Behind, England Under-21 and a solitary full squad call up has lent Frank Fielding nororiety even if his prominence owes as much to the current dearth of English talent as to his own ability – why otherwise would he have been allowed to go by Blackburn? Nonetheless, he was accomplished here – not scared to come for crosses and providing security to the back four. The non-goalkeeping quartet was completed by Russell Anderson, a man plagued by injury problems throughout his career at Pride Park, and Gareth Roberts, as experienced a left back as there is and a veteran of long spells at Tranmere and Doncaster.

Clough’s midfield was similarly comprised of prosaic talents. When a formation is described as ‘fluid’, it usually denotes swashbuckling tendencies. Not so here, even if the adjective is an apt one. For County’s midfield four were notable largely for their willingness to switch positions at will, albeit all in the water carrying cause. Prima donnas would be unwelcome in a system that expects graft – although Jeff Hendrick, slayer of hated local rivals Forest on a heady day in September, tends to stick to his position as a central pivot – and admirably so. Around him, Craig Bryson, Ben Davies and Tomasz Cywka scurried like oompa loompas, with even nominal front men Jamie Ward and Theo Robinson expected to tackle back constantly.

That front two is a curious one – the former rejected by Sheffield United but flourishing at Pride Park, the latter showing enthusiasm as a striker despite his previiusly stuttering career at Millwall. They epitomise the cloth cutting regime at a club which, despite consistently impressive home gates, has clearly had to adjust drastically to the legacy of once having Georgo Kinkladze and Francesco Baiano on the books. Tyson and young tyro Callum Ball wait in the wings, along with Steve Davies whose fine start to the season was ended by a dent to head against Southampton.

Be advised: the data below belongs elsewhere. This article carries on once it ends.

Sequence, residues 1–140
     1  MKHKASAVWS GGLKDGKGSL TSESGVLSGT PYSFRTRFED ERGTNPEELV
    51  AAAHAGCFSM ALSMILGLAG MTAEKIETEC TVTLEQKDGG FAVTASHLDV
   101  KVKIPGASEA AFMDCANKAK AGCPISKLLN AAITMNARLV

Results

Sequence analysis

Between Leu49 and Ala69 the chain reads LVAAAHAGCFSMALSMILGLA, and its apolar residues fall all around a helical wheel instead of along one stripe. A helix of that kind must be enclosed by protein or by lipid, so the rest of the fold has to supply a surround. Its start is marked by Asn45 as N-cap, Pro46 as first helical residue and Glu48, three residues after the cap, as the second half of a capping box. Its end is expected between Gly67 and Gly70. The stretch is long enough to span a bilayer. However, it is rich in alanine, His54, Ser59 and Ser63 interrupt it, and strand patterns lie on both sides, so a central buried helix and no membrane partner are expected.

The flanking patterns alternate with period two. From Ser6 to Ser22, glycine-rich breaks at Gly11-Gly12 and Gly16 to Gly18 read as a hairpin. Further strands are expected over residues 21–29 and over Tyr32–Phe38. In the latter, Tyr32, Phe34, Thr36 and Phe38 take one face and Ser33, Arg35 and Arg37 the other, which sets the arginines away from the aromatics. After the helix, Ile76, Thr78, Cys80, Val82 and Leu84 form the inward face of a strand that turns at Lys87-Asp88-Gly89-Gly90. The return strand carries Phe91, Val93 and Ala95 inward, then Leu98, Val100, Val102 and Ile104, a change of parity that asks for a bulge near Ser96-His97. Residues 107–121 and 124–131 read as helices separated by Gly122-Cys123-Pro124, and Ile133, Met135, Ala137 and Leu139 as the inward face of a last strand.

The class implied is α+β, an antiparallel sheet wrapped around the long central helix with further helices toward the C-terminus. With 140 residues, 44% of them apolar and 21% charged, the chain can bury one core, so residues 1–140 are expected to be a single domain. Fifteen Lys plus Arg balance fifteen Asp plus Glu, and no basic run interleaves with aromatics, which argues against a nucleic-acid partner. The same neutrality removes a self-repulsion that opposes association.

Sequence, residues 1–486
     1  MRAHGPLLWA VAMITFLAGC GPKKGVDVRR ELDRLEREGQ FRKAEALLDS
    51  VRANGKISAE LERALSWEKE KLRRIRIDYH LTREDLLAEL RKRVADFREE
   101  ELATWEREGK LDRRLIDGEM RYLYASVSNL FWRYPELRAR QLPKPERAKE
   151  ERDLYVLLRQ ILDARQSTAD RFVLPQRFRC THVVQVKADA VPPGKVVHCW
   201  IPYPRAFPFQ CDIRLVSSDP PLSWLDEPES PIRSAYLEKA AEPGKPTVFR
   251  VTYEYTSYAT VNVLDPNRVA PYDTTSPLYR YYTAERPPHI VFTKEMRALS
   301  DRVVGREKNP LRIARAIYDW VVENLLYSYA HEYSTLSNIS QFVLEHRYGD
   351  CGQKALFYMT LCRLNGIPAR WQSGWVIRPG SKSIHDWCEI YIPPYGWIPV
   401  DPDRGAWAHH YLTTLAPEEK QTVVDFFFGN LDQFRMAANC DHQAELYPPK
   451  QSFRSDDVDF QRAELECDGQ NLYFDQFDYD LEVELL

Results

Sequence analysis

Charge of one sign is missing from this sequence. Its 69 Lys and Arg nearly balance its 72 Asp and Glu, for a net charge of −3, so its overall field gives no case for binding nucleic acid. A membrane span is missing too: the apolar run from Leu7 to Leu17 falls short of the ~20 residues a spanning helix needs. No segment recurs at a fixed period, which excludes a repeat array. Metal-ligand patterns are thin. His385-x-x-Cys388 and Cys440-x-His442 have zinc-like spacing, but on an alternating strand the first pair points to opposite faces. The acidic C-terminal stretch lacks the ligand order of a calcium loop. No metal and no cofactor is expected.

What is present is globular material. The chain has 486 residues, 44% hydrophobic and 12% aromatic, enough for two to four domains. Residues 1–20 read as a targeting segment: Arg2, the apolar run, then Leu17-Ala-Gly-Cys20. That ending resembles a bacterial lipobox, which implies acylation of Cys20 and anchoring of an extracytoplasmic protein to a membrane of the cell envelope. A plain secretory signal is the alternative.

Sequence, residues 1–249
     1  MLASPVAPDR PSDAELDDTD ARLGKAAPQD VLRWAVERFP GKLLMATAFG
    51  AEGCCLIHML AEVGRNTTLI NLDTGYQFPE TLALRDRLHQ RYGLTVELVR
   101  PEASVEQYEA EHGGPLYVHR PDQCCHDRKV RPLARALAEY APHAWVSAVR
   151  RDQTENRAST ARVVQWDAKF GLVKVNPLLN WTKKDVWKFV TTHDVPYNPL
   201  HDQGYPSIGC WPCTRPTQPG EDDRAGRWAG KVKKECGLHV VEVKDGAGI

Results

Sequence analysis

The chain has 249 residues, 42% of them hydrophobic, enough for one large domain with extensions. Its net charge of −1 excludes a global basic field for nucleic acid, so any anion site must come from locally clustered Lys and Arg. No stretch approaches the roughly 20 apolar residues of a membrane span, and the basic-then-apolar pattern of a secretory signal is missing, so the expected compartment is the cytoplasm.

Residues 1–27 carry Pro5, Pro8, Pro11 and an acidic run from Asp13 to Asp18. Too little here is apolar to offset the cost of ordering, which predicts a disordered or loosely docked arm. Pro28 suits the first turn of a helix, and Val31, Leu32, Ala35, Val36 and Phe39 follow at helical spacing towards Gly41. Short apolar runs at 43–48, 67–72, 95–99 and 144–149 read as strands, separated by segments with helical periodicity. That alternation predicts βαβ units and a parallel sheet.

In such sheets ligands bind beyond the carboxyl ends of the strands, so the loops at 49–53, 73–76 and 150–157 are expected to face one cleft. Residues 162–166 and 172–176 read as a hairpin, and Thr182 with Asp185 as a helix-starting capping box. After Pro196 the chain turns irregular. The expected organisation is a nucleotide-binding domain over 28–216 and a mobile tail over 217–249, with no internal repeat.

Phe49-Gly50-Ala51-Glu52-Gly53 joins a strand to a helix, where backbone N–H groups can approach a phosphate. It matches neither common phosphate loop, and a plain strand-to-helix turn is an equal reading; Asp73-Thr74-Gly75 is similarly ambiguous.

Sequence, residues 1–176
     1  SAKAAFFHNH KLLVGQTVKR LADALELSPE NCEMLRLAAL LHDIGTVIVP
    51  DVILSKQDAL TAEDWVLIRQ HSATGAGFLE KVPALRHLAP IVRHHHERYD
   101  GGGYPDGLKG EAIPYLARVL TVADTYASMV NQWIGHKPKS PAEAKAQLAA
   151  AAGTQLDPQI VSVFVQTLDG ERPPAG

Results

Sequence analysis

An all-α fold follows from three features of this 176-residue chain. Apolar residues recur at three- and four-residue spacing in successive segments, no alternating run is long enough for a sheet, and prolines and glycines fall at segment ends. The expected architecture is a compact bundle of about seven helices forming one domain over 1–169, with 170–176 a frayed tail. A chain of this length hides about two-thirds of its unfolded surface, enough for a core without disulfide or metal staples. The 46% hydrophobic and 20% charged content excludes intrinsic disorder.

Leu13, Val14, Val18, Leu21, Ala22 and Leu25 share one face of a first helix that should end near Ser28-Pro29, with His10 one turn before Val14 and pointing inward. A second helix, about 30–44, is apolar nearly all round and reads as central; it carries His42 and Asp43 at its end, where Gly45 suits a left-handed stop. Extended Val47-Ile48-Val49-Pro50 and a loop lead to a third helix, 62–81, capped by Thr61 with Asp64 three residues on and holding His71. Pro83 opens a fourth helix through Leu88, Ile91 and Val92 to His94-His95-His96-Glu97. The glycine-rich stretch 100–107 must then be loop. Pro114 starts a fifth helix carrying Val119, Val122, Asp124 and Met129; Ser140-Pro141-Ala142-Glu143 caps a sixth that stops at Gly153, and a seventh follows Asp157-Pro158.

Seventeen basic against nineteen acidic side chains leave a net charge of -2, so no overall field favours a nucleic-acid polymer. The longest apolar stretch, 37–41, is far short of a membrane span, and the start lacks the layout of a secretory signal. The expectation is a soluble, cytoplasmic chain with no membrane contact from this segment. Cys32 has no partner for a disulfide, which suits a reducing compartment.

Clough and his backroom team were rewarded with new contracts earlier this week and if the mischievous might suggest that this move was inspired by panic at the thought that Nottingham Forest’s recruitment agents might come calling, it’s looking like an increasingly sensible move. Derby exhibit, with last night’s hosts and Middlesbrough, a new financial responsibility that will hopefully become the norm in Championship waters – this is not a dazzling unit, but it’s one that may well follow the XIs of George Burley and Billy Davies into the post-season come May.

Rob Langham
Rob Langham is co-founder of the defiantly non-partisan football league blog, The Two Unfortunates, a website that occasionally strays into covering issues of wider importance. He's 50 and lives in Oxford while retaining his boyhood support of Reading FC. He tweets as @twounfortunates and has written for a number of websites and publications including The Inside Left, When Saturday Comes, In Bed with Maradona, Futbolgrad and The Blizzard as well as being nominated for the Football Supporters' Federation Blogger of the Year Award in 2013.


  1. Ben
    October 20, 2011

    Yes, they're doing surprisingly well. Clearly the goals of Steve Davies have been vital, but what little I've seen of them (highlights on The Football League Show, I admit) would suggest that Hendrick and Ben Davies have been equally impressive in midfield. The Derby board might have been thinking about giving Clough the boot last season, but currently, at least, their decision to stand by their man looks like reaping handsome rewards.

  2. Lanterne Rouge
    October 21, 2011

    Hendrick in particular looks like a real lynchpin already. I wonder if he and his fellow Irishman O'Brien could have a chance to making the squad if the Republic make it to Euro 2012?

  3. Derby County’s Sustainable Progress Under Nigel Clough | The Two Unfortunates
    January 14, 2013

    […] Pirelli Stadium and the verge of the Football League for the first time in the club’s history. In sticking with Clough through thin and thin for a couple of transitional seasons, GSE presumably decided to hold to their belief that Clough could have a similarly transformational […]